One other kid who has really stood out and has been one of the most interesting players in Pool D is Juan Carlos Sulbaran, a right-handed pitcher in the Cincinnati Reds' organization. He signed with the Reds out of high school following the 2008 Beijing Olympics and hasn't participated in professional baseball yet. He came into the Netherlands' game against Puerto Rico on Monday and showed poise, presence and outstanding stuff for a 19-year-old. He has the size (6-foot-3) and arm strength to grow into a pitcher who can impact either the front of the game or the end of the game.

There is a small handful of other players on the Netherlands' roster who have an outside chance at making a big league roster someday. Alexander Smit, a left-handed pitcher in the Reds' organization, doesn't have overpowering stuff but has a chance to possibly serve as a No. 5 starter or a middle reliever. Dennis Neuman, a right-hander in the Red Sox's organization, could make the major league roster as a reliever at some point. There are a number of other guys who could make the majors as role players, including Hainley Statia. He's a Double-A shortstop in the Angels' system who has a good glove. Sharlon Schoop, who's currently in the Giants' organization, is a possible utilityman.

Guys like Ponson, Randall Simon and Gene Kingsale, who were kind of auditioning for jobs, have their best days behind them. I don't think any of the veteran players have overwhelmed anyone with their play in the WBC. Despite the thrilling elimination of the Dominican Republic, the Netherlands hasn't really done anything offensively so far in the tournament. The Dutch have scored some unearned runs and scratched and pieced things together. It really is remarkable that they beat the Dominican Republic twice, but they didn't do it with a roster of young phenoms who have scouts scratching their heads and wondering how they missed them. The Dominican hitters got themselves out a lot of the time. The Dutch team made pitches when it needed to, but didn't have the most extraordinary stuff.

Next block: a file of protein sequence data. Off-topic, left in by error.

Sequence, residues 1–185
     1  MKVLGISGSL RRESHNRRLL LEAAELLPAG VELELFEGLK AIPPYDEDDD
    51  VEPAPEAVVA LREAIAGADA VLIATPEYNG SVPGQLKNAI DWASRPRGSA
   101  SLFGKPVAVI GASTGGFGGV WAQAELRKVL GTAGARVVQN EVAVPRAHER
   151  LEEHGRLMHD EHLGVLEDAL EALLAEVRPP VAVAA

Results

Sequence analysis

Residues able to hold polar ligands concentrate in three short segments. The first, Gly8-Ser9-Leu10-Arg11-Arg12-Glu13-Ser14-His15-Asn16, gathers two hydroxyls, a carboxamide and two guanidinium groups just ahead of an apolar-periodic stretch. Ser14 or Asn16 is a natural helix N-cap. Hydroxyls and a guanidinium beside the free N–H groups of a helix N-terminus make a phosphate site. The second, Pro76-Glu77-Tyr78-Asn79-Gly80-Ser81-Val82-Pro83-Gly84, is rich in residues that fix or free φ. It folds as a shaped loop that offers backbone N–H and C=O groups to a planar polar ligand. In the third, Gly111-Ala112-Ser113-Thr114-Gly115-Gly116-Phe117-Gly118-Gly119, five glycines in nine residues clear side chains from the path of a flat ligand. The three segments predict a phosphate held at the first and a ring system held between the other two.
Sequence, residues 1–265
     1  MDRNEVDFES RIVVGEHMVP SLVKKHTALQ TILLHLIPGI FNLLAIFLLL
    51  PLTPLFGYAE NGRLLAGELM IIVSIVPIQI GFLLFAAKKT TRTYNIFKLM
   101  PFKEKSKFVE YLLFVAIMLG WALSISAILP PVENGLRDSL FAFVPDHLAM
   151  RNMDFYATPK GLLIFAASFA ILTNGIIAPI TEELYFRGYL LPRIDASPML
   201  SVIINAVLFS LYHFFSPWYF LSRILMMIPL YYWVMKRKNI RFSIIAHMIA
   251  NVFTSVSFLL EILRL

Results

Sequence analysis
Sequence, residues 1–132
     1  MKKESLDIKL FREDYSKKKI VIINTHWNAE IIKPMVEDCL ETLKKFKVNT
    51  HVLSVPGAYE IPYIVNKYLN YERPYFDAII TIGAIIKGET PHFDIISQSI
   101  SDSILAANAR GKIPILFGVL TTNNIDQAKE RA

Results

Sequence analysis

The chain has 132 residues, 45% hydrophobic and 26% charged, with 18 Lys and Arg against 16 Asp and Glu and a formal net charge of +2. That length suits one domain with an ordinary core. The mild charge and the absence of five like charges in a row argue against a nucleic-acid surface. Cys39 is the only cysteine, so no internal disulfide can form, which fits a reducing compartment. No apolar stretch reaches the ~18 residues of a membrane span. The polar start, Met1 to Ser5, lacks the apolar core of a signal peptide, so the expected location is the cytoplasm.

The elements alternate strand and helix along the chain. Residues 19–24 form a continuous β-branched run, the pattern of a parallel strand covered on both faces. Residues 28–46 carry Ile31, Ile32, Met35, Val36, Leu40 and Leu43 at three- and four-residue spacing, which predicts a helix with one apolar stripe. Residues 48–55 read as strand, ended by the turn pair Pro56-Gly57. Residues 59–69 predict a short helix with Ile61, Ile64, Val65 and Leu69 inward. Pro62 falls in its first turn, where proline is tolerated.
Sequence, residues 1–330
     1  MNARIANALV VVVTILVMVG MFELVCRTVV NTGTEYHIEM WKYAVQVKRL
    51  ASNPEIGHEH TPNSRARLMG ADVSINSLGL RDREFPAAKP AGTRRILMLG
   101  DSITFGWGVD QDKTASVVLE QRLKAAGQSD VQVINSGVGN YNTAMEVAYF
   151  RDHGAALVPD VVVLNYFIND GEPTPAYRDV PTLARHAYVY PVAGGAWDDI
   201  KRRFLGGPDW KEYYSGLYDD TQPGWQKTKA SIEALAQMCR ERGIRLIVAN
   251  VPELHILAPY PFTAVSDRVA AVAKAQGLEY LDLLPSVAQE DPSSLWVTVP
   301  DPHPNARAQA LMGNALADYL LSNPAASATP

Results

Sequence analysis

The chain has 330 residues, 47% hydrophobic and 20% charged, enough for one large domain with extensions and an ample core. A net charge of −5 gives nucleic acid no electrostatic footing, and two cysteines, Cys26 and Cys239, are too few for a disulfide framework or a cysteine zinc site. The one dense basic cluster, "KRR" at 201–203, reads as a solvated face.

The Dominican lineup is full of big league hitters, and veterans get their timing early in the season off the fastball and then adjust to off-speed stuff. A lot of the pitchers on the Netherlands' roster don't throw hard, but can roll the breaking ball in there or throw a changeup that can keep hitters off balance just enough. Because they've rarely trailed in games so far it has put pressure on opposing hitters to try to do too much and a lot of guys chased pitches out of the zone and in the dirt. That has benefited the Netherlands a great deal.

Still, I think this is a huge, huge boost for baseball in the Netherlands. Victories like this have an exponential impact on the growth of baseball in countries where the game has a lot of room to grow. Kids will be pretending to be Leon Boyd shutting down David Ortiz or Eugene Kingsale stepping up to the plate, just like generations of American kids have done with their own heroes. It will be a tremendous spark for the growth and development of baseball in the Netherlands and that is a great thing for the sport.

Steve Phillips is an analyst on "Baseball Tonight" and a frequent contributor to ESPN.com.